The South Australian government has launched legal action against the consortium in charge of building the new Royal Adelaide Hospital after more construction delays.
The new RAH was due to reach technical completion in April and then May – but Health Minister Jack Snelling says new, independent advice indicates this is likely to blow out until July or August, pushing the likely opening date into 2017.
Mr Snelling issued a major default notice against the SA Health Partnership (SAHP) consortium, which will compel it to put forward a reliable completion date.
“This is really about forcing them to the table, forcing them to be upfront and honest,” he told reporters.
“I’m not too fussed about the hospital being late. It’ll be ready when it’s ready.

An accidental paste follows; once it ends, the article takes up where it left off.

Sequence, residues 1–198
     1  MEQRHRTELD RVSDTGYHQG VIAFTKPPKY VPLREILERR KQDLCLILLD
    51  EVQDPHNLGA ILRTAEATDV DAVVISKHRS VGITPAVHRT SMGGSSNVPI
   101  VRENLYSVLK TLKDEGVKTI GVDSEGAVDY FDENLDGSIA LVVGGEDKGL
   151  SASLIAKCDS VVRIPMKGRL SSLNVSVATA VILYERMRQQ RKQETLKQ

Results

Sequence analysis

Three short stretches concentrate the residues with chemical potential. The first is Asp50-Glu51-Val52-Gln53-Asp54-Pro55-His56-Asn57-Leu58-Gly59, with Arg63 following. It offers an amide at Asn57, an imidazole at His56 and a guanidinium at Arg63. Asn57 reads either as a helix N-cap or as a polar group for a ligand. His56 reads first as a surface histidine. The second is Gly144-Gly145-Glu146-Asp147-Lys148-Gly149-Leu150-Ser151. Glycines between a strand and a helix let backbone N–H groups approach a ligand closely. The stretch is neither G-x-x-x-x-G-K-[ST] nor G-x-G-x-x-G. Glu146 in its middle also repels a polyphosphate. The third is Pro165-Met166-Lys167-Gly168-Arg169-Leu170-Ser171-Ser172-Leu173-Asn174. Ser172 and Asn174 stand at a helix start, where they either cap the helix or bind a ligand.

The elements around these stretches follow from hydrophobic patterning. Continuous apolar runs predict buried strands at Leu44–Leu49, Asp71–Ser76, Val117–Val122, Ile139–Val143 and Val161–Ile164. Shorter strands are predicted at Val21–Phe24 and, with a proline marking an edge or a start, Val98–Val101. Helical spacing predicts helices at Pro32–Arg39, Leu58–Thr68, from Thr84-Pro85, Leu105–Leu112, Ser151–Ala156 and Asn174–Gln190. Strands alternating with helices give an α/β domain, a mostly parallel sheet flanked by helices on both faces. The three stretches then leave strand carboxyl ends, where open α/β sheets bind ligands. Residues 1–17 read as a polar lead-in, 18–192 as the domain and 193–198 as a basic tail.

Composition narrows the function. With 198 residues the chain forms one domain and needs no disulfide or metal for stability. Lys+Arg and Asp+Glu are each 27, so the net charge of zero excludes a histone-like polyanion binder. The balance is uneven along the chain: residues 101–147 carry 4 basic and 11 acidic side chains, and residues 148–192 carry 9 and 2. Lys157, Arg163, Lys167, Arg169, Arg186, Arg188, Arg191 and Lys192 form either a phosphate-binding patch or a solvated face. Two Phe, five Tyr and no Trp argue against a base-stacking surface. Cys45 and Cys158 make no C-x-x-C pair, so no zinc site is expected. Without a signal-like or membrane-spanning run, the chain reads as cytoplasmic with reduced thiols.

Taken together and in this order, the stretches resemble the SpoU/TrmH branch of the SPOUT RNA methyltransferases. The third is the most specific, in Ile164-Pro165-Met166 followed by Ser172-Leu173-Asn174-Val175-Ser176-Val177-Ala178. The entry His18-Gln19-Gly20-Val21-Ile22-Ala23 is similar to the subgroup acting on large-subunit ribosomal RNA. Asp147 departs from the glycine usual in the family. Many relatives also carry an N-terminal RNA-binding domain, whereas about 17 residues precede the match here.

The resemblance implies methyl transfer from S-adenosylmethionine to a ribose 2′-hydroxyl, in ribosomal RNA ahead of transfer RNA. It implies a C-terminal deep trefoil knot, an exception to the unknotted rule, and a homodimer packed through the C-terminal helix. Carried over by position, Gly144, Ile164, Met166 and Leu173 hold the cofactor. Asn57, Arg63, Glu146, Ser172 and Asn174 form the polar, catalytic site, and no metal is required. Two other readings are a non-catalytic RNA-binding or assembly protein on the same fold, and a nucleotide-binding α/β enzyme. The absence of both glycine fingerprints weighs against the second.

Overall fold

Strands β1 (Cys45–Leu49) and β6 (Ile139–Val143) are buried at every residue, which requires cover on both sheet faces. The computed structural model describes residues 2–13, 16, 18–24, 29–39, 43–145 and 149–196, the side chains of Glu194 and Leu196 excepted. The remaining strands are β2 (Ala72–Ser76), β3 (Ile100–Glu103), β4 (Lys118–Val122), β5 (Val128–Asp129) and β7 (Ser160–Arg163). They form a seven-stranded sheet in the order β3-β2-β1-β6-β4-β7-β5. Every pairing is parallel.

“All we need from them is a date that they’re confident in, that we can be confident in.”
The new RAH was meant to open to patients in November.
Mr Snelling said the action against SAHP carried significant financial penalties.
“South Australian taxpayers won’t be forking our for a hospital that isn’t ready,” he said.
“Every day that they’re late, that’s a million dollars that they’re not getting paid.”
But Mr Snelling emphasised that safety, not speed, was paramount after the death of a construction worker in February.
“They cannot in any way compromise workers’ safety on that site to try and meet some deadline,” he said.
Opposition finance spokesman Rob Lucas called for stronger financial penalties for the consortium.
“The new Royal Adelaide Hospital is now more than $600 million over budget and likely to be a year overdue yet the government is merely asking the builders to set a realistic date for handover,” he said.
SAHP declined to comment.